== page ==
Sources: The Library of Congress Country Studies; CIA World Factbook
The northeastern part of Honshu, called Tohoku (literally, "the northeast"), includes six prefectures. Tohoku, like most of Japan, is hilly or mountainous. Its initial historical settlement occurred between the seventh and ninth centuries A.D., well after Japanese civilization and culture had become firmly established in central and southwestern Japan. Although iron, steel, cement, chemical, pulp, and petroleum-refining industries began developing in the 1960s, Tohoku was traditionally considered the granary of Japan because it supplied Sendai and the Tokyo-Yokohama market with rice and other farm commodities. Tohoku provided 20 percent of the nation's rice crop (see Agriculture, Forestry, and Fishing , ch. 4). The climate, however, is harsher than in other parts of Honshu and permits only one crop a year on paddy land.
The inland location of many of the region's lowlands has led to a concentration of much of the population there. Coupled with coastlines that do not favor port development, this settlement pattern resulted in a much greater than usual dependence on land and railroad transportation. Low points in the central mountain range fortunately make communications between lowlands on either side of the range moderately easy. Tourism became a major industry in the Tohoku region, with points of interest including the islands of Matsushima Bay, Lake Towada, the Rikuchu Coastline National Park, and the Bandai-Asahi National Park.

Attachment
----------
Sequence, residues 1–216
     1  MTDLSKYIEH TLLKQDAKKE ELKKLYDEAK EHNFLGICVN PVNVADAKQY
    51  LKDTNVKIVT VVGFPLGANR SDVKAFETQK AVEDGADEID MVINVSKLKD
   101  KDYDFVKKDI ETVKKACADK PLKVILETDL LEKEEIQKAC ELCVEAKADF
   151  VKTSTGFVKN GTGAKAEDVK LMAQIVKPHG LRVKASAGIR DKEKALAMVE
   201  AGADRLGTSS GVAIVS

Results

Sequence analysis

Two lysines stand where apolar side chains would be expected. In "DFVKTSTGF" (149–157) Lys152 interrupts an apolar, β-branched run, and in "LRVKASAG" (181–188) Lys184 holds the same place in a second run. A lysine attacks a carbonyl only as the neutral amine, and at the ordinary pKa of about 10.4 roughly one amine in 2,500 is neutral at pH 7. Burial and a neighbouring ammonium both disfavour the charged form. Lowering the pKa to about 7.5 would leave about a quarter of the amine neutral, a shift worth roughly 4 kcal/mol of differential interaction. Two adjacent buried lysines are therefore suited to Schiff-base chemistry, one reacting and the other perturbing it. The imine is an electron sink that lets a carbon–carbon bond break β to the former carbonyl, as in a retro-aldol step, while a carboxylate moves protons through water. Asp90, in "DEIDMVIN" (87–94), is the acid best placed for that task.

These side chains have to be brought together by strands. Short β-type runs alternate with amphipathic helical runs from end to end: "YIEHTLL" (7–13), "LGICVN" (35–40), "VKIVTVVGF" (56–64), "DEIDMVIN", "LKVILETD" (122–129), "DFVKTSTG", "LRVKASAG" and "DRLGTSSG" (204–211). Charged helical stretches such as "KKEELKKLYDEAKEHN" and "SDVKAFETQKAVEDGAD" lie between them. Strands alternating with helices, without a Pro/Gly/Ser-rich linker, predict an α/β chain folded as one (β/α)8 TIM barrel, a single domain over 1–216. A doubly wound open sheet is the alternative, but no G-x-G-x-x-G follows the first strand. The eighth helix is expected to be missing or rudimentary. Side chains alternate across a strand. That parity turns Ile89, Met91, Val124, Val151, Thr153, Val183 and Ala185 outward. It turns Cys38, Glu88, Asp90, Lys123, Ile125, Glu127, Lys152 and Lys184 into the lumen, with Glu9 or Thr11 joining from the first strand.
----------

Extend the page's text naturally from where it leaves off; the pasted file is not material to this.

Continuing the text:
Data as of January 1994
NOTE: The information regarding Japan on this page is re-published from The Library of Congress Country Studies and the CIA World Factbook. No claims are made regarding the accuracy of Japan Tohoku information contained here. All suggestions for corrections of any errors about Japan Tohoku should be addressed to the Library of Congress and the CIA.